After reading a blog I wrote some time ago about development officers who suffered from various mental issues, a colleague shared with me a Harvard Business School working paper (16-057) by Michael Houseman and Dylan Minor, on Toxic Workers. Unlike many of those employees I referenced in my previous article who specifically suffered from a psychiatric diagnosis, the article on Toxic Workers covered a more general classification, defining toxic workers as, “those who are harmful to organizational performance” and who were terminated for toxic behavior.
Much has been written about talent management, particularly finding those outstanding employees who can serve as rainmakers, lifting up an entire organization by their productivity and positive attributes. A focus for most of our clients with open positions is to do just that, identify the best and brightest for the job. But this article suggests that it may be equally if not more important to spend an equal amount of effort to avoid employing toxic workers.
A surprise to me was that “workers who are overconfident, self-regarding, and profess to follow the rules” are ones who are more likely to be labeled as toxic and terminated for behavioral reasons. The article shared that toxic workers often lack compassion. Unfortunately, toxic workers are often more productive than an average employee.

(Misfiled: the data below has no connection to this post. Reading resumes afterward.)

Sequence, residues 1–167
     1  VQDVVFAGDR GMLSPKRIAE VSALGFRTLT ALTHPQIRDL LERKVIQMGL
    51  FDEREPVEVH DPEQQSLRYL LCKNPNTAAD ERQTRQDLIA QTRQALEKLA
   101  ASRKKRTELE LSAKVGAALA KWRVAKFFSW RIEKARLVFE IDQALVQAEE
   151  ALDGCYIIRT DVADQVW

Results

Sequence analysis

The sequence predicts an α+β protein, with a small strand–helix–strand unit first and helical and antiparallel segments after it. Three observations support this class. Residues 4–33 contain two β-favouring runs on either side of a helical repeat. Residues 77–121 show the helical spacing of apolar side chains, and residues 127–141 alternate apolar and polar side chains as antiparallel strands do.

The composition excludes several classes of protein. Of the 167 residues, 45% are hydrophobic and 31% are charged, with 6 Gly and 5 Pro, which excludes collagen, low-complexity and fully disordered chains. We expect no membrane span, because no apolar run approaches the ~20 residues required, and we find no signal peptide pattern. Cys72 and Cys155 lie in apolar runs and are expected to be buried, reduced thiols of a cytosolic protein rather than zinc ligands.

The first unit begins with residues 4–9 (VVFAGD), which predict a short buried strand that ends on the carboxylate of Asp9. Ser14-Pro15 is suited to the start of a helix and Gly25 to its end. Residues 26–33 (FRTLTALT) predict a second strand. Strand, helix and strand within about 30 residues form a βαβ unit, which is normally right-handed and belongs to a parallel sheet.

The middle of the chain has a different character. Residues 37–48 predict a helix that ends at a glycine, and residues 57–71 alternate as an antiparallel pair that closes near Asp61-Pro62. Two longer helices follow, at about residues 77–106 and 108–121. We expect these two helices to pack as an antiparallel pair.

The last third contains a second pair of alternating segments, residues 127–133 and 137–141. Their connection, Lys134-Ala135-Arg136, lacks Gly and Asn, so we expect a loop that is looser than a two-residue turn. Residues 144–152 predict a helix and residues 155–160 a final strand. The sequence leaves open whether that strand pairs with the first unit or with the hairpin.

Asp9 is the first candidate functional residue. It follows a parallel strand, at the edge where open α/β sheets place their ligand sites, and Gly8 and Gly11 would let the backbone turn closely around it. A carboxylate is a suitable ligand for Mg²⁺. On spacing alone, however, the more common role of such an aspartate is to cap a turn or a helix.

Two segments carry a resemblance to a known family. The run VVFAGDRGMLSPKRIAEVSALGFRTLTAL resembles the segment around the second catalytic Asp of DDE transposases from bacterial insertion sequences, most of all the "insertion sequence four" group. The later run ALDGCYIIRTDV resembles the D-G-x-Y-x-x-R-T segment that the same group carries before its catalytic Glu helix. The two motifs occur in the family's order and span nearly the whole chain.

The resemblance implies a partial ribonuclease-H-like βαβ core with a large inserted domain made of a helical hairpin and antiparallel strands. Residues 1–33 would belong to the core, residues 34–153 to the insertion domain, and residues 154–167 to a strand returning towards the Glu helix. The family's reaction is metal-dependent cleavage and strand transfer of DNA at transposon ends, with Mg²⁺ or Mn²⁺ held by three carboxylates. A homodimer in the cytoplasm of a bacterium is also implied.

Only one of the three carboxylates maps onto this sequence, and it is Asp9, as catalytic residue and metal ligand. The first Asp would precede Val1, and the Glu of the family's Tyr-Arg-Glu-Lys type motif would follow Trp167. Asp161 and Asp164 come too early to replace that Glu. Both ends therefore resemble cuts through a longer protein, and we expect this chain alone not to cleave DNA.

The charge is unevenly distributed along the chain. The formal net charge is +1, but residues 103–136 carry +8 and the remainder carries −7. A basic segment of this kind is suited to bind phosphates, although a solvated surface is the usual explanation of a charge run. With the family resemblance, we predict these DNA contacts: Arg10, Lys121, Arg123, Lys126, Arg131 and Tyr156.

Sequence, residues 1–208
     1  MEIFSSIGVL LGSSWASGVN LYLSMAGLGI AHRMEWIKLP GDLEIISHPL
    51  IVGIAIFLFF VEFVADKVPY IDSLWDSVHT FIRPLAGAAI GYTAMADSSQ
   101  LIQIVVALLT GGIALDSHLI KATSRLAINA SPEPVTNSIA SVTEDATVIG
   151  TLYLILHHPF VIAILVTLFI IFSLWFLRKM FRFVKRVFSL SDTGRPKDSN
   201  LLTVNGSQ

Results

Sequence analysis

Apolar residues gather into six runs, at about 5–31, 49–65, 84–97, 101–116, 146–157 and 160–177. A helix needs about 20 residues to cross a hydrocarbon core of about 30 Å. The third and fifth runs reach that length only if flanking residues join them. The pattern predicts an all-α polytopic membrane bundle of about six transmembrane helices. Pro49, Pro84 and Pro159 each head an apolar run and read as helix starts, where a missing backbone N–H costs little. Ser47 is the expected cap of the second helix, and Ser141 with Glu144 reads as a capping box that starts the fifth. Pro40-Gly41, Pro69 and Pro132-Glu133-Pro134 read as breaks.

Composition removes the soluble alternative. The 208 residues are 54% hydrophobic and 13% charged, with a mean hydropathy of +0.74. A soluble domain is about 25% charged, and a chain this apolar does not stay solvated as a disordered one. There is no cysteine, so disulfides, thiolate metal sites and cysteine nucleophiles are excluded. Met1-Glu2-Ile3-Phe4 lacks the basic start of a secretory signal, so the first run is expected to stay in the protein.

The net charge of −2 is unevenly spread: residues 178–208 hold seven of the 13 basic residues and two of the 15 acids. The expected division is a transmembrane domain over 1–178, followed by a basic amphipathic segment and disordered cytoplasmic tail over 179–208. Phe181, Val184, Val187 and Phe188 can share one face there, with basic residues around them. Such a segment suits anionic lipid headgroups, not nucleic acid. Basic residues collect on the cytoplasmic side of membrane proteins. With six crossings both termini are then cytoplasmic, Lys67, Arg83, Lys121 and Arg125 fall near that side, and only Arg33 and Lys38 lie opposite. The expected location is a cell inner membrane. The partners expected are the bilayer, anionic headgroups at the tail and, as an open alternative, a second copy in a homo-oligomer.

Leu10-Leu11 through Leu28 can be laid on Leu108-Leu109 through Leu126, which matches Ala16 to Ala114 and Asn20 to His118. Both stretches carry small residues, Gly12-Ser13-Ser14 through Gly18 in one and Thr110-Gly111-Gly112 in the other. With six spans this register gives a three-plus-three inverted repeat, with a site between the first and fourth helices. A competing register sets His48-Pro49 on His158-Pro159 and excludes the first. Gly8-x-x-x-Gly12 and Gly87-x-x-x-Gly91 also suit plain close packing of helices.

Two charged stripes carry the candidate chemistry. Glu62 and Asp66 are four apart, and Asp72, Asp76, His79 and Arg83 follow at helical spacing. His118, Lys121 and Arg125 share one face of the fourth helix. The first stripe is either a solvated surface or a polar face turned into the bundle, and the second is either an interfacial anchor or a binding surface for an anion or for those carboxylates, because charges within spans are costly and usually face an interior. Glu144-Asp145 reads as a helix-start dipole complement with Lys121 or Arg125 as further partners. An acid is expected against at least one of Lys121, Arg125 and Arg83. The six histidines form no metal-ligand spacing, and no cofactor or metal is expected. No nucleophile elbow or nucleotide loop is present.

Toxic workers are found to not only be harmful to the organization itself, but they also infect others with such behavior. It is well documented that a negative factor has a greater influence on people than a positive factor. I recall an article I read more than ten years ago that attributed this factor to basic animal instincts embedded in our brains from a herd safety mentality. Having an innate sensitivity to negativity allows us to respond quickly and appropriately when our physical safety is threatened. And it makes sense that the negative should take precedence over anything else holding our attention. It may also explain why gossip is so addictive or why the horror genre has such a following!
The simple and obvious solution to toxic workers is to avoid them. However, defining toxicity in the interview process is difficult, if not impossible in many instances. A thorough reference check may be the better route to identify a potential problem. A candidate who has had multiple employers with short tenures is an indicator of a problem. Finding out during the reference process that the person was a great employee but not a good fit for that institution or that others did not enjoy working with the individual also may be a red flag indicating that further evaluation is in order.